Review by Vives Anunciacion
Inquirer Libre June 5, 2008
Review in Filipino and English
The Chronicles of Narnia: Prince Caspian
Directed by Andrew Adamson
Based on the book by C.S. Lewis
Starring Ben Barnes, Wiliam Moseley, Anna Popplewell, Georgie Henley, Skandar Keynes
Kamukha ni Prince Caspian si Albert Martinez. Yung bagets version. Yun yung una kong napansin sa The Chronicles of Narnia: Prince Caspian. Yung next ko na napansin, nagmamature na yung mga kids ng Narnia, may halo nang teen love story eh. Pangalawa ang Prince Caspian sa The Chronicles of Narnia series of books and films, matapos ang The Lion, the Witch and the Wardrobe, last seen in 2005.
Sa chapter two ng Narnia series, an assassination plot will force Prince Caspian (played by Brit actor Ben Barnes) to hide from his scheming uncle Miraz (played by Sergio Castellitto) who has declared himself king of Telmarine and taken the throne para sa sarili niya. Mapapadpad si Caspian sa kagubatan ng Narnia kung saan nagtatago ang mga magical creatures, na sa mga panahon na iyon ay kaunti na lang pagkatapos patayin ang kanilang uri ng mga tao, sa pangunguna ng mga Telmarines.
One year after their first adventure, mababalik ang magkakapatid na sina Peter (Wiliam Moseley), Susan (Georgie Henley), Edmund (Skandar Keynes) at Lucy (Anna Popplewell) sa Narnia, pero 1,300 years na pala ang nakalipas dito at kakaiba na ang mga lugar at mga hayop na kanilang nakikita. Parang wala nang magic sa Narnia. Hindi magtatagal at magtatagpo sila nina Prince Caspian, at magtutulungan sila kasama si Aslan (boses ni Liam Neeson) upang maibalik ang korona sa prinsipe at ang kaharian ng Narnia sa katahimikan.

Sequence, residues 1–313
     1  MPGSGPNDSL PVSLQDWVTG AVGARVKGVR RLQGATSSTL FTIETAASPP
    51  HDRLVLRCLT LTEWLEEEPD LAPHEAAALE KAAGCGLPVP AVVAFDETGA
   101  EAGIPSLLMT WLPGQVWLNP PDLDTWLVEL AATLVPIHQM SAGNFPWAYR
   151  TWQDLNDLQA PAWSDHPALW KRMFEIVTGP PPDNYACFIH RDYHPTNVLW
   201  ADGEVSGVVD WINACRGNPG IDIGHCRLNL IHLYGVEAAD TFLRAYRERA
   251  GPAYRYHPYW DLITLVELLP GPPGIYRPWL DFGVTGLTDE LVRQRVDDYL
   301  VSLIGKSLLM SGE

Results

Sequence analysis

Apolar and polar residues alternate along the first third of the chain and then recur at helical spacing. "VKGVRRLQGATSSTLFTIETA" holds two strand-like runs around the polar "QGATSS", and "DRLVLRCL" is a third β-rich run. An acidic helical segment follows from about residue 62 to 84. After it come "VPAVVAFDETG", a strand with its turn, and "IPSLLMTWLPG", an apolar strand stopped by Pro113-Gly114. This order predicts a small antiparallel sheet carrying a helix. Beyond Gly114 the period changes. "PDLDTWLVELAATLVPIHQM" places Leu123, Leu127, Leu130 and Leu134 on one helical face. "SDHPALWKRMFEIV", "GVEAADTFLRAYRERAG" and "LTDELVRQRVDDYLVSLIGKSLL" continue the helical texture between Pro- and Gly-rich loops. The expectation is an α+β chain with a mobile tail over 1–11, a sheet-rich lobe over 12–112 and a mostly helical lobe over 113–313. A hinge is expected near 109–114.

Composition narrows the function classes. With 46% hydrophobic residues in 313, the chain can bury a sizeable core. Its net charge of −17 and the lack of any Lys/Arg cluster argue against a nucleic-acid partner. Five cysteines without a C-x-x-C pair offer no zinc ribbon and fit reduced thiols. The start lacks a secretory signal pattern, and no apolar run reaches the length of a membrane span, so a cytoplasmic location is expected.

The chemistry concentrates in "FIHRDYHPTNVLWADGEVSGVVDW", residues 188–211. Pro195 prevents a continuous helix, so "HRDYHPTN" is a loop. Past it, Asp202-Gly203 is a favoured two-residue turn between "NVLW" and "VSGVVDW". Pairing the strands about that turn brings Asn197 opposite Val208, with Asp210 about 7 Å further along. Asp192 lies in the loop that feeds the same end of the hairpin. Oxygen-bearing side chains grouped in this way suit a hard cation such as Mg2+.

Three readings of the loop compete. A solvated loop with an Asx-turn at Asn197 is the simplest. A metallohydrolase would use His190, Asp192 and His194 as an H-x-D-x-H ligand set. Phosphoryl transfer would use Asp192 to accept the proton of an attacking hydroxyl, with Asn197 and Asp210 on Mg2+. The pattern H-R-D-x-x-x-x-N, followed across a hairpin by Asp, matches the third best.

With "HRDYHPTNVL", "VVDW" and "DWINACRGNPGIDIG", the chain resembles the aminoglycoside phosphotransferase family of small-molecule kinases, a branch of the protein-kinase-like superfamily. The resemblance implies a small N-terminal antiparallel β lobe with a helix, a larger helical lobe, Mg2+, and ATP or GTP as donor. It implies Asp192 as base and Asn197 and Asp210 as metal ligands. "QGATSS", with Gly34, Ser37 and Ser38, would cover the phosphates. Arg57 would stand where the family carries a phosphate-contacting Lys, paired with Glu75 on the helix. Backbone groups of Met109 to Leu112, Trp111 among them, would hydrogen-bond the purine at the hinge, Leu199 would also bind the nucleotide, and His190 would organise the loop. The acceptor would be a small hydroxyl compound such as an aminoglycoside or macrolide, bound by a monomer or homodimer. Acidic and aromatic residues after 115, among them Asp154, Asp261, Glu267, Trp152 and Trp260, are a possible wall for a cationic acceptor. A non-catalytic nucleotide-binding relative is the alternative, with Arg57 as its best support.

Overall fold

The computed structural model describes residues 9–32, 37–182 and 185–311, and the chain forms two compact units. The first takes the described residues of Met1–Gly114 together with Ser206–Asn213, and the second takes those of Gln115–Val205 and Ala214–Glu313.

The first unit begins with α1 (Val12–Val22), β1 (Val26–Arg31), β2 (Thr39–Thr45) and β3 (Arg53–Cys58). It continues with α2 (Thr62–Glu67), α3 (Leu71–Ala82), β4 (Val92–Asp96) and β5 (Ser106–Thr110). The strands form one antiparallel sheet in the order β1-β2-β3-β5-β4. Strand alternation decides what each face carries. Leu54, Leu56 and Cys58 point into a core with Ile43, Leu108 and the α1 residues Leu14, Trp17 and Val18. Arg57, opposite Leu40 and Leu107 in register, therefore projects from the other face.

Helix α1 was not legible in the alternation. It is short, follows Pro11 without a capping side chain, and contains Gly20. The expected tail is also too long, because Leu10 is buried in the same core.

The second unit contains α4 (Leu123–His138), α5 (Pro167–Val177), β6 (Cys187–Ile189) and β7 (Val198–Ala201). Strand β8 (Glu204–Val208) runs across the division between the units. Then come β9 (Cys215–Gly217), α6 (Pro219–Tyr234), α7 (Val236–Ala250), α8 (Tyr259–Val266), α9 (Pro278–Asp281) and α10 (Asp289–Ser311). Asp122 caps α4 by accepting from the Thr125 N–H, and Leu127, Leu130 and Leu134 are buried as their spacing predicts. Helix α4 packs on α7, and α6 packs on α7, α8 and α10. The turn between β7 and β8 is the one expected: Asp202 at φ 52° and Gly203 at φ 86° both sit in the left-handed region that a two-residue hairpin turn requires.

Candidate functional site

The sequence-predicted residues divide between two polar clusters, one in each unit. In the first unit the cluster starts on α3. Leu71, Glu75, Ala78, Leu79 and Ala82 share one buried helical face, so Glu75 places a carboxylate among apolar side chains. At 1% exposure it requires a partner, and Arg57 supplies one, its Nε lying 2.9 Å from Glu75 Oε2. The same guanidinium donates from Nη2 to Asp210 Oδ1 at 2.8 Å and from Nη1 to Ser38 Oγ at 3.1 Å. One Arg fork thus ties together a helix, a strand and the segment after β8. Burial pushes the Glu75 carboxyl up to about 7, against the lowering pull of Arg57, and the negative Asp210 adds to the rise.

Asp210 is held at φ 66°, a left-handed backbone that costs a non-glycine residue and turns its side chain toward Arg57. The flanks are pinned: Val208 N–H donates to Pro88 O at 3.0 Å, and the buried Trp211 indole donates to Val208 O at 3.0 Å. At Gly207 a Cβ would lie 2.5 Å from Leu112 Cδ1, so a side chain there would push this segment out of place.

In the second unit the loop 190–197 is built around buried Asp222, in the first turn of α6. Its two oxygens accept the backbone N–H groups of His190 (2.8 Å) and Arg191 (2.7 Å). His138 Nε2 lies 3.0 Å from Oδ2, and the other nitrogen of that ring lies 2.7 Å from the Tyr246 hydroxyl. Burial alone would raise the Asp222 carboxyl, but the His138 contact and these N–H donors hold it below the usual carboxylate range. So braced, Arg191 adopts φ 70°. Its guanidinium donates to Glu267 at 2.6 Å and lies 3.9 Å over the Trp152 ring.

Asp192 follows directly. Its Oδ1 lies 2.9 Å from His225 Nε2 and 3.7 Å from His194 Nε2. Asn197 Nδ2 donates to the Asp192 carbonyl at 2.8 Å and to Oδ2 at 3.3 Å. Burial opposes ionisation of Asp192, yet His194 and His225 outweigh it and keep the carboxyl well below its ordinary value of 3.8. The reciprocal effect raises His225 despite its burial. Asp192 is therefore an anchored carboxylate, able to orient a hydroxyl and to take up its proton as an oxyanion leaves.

Mature ang handling ng kwento ng Caspian, at may ilang intense battle scenes na masyadong marami ang body count para maging tunay na pambata ang pelikula. Babala sana na patnubayan ng mga nakatatanda ang maliliit na manonood.
It’s interesting that the filmmakers approached Caspian in a realistic sense. Bawas ang mga “magical” moments dito pero hindi ibig sabihin na bawas na rin ang effects nito. After all, may mga nagsasalitang hayop at naglalakad na puno sa Narnia. But what the filmmakers did was approach the story as if it’s another tale from Old England, inclusive of palace politics and struggles for the crown.
The movie also retains C.S. Lewis’s very Christian messages and symbolisms, with a very strong moral about staying true to one’s beliefs even if time and change passes. This moral is laid by two threads in the story – first in the backstory, as told by other characters that humans no longer believe in the existence of the magical creatures of Narnia, particularly because humans have killed most of them; and second, with Peter’s character (finally made significant, thereby explaining why he is High King and called The Magnificent), who believes the only way to save Narnia is through their own actions, despite Lucy’s repeated claims to have seen Aslan. One special effect in the river almost literally reinforces Christian symbolism. Even for non-Christians, at least the kids in the movie have positive values.
Caspian also has scenes quite reminiscent of Lord of the Rings – but that only reinforces the story that Lewis and Rings creator JRR Tolkien were best friends in Oxford, and must have shared notes very often. Reepicheep the swashbuckling mouse (voiced by Eddie Izzard) appears for the first time, he and Prince Caspian return in the next installment, Voyage of the Dawn Treader scheduled in 2010.
Overall, the kid actors are okay, the thin storyline moves slowly, the effects are good, but there’s just too many intense sword fighting and arrows hitting bodies for comfort. Lastly, the hinted love story is likely intended to make Ben Barnes a charming heartthrob; but it’s just typical Hollywood cheese. Then again the Pevensie kids are growing up. Hormones are hormones, even in Narnia.